Woman Wakes Up When Her Life Support Is Turned Off


After hearing her family say their goodbyes before taking her off life support, a  woman miraculously successfully fought for her life.

“I don’t consider it a miracle but everybody else, that’s how they reference it,” 45-year-old Lyndee Pellettiere-Swapp said, WDAF reports.

Lyndee’s family decided to take her off life support after she failed to wake up and respond from a deep coma for almost two weeks. Her son had found her unconscious at their home in Phoenix, Arizona in February.

It’s a difficult decision for many, but especially so for the tight-knit Pellettiere-Swapp family.

“Family means all,” Lyndee’s Facebook profile reads. Her son Steven adds, “Keep your family close and don’t let them go.”

Indeed, for Lyndee, family meant so much she battled all the odds to respond and come back to them.

Little did they realize how much she could hear of every word of their farewells.

“In my head it was very clear what I was saying, but it wasn’t to them. I was finally able to get out ‘I’m a fighter,’ which is what my husband was whispering in my ear. [He said] ‘I need to you to fight,'” she said.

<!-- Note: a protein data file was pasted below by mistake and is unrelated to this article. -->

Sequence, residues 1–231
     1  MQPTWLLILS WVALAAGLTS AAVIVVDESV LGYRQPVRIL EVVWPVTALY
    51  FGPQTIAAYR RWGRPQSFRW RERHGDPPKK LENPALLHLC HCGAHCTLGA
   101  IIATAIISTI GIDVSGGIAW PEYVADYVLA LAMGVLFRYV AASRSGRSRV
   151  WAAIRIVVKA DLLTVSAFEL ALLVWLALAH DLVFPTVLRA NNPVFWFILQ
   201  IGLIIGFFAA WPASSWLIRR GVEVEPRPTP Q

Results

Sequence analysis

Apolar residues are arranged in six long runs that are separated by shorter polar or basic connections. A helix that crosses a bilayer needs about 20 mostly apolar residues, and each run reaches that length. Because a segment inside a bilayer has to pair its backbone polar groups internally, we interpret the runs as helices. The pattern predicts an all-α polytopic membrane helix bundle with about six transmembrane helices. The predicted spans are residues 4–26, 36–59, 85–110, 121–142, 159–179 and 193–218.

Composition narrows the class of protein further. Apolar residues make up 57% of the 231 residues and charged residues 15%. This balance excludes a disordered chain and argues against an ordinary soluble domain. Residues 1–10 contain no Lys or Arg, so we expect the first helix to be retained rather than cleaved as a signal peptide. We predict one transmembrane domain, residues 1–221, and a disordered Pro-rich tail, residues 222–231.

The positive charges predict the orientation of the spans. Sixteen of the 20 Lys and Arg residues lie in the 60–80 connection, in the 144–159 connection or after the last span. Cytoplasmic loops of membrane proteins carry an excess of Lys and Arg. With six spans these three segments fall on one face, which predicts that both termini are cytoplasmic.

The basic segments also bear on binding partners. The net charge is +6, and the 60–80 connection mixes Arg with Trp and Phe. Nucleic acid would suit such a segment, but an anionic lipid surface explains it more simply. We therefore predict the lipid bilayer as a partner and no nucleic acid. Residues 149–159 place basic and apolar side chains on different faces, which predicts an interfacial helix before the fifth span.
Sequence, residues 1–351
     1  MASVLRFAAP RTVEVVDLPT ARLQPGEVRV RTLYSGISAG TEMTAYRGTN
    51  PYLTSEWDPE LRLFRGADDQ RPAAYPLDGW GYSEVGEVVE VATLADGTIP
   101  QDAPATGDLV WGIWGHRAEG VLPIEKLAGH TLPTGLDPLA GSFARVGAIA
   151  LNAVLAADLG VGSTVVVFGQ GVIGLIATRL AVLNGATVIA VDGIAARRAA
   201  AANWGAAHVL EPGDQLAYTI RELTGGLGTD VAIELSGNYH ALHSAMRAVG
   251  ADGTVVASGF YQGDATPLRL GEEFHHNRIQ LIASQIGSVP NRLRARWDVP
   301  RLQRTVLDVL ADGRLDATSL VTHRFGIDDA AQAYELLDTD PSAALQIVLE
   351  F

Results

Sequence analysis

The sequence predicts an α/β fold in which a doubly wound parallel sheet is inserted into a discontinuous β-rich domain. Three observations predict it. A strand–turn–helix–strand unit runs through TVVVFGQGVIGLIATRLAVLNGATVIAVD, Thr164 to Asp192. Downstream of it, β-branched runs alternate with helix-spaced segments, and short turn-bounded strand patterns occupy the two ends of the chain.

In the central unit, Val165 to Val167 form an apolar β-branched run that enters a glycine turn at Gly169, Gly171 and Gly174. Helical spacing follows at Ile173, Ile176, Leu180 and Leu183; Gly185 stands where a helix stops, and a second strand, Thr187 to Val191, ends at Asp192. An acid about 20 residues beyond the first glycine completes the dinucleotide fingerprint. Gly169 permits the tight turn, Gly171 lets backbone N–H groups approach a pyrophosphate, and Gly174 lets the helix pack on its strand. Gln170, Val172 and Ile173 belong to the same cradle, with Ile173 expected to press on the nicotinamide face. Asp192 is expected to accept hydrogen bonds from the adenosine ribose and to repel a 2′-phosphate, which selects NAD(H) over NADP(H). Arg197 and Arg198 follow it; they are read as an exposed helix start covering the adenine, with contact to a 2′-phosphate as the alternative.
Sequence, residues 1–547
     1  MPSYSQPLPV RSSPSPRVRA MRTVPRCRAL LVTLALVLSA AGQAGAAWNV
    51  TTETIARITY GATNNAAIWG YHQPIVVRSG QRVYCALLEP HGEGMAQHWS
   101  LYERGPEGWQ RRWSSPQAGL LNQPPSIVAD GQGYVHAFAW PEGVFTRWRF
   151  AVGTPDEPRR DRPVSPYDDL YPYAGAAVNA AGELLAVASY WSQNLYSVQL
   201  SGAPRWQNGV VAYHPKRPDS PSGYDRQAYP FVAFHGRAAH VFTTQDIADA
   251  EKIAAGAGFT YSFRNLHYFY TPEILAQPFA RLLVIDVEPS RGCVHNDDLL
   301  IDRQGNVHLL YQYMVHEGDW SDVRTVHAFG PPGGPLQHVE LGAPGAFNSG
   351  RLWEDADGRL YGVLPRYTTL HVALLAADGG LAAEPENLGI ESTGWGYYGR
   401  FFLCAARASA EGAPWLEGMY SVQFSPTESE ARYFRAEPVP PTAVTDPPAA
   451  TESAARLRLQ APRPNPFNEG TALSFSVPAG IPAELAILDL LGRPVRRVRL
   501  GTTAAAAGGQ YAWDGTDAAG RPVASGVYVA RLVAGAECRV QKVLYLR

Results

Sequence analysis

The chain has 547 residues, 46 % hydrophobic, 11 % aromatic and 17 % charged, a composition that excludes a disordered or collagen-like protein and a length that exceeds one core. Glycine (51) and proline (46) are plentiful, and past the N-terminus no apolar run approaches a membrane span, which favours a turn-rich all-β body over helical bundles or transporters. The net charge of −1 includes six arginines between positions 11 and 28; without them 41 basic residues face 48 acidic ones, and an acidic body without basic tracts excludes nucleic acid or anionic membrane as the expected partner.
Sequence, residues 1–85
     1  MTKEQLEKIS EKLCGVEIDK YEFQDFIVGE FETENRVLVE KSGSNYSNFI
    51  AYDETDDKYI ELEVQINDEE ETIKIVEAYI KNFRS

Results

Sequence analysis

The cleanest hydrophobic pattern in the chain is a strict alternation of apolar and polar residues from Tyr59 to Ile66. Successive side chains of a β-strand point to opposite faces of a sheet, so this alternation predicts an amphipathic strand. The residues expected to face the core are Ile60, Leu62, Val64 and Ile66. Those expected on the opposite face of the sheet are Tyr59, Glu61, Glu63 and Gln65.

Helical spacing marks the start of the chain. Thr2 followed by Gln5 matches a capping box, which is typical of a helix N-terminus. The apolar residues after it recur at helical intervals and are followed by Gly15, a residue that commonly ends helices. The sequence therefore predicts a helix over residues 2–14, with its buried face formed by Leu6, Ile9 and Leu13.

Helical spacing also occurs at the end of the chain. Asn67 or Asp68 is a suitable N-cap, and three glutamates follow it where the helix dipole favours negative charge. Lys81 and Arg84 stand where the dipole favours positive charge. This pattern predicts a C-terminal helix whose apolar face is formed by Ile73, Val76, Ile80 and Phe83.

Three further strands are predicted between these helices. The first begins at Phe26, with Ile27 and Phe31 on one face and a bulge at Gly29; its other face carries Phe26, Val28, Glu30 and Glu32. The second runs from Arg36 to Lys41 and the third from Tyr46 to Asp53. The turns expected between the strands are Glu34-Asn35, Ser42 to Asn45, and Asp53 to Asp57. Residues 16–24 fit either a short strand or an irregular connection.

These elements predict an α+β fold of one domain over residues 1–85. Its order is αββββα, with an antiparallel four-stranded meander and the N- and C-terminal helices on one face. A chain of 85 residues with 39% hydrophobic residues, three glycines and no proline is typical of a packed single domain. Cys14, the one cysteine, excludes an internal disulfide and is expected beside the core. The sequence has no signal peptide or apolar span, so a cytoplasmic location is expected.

It was an act that defied all of the doctor’s predictions.

“[Doctors] told [my family] that I would start to make noises when they turned off life support. I was very agitated. I couldn’t move. I couldn’t talk, couldn’t respond. I could just hear conversations around me and about me,” Lyndee said. “I remember a doctor opening my eyes, messing with me, and telling my family I was not reacting.”

Yet somehow, the next day she began talking even more.

“I looked at her, and she just says, ‘Hi,’ and I just fell to my knees,” Lyndee’s daughter, Amanda, said. “I told her, ‘I thought you had been gone for 12 hours.'”

The family was overjoyed they had their mother and wife back.

“I don’t take for granted that I get to come home and kiss my mom,” Steven, Lyndee’s son, said. “Every day I come home from work, seeing her and talking to her.”

Now Lyndee hopes to encourage others with loved ones in comas or other similar situations.

“Just because you are not conscious does not mean you cannot hear,” she said. “So you should talk to your loved ones if you are in that situation. They hear you.”

Sources: WDAF, Lyndee Pellettiere-Swapp/Facebook / Photo credit: Lyndee Pellettiere-Swapp/Facebook

Popular Video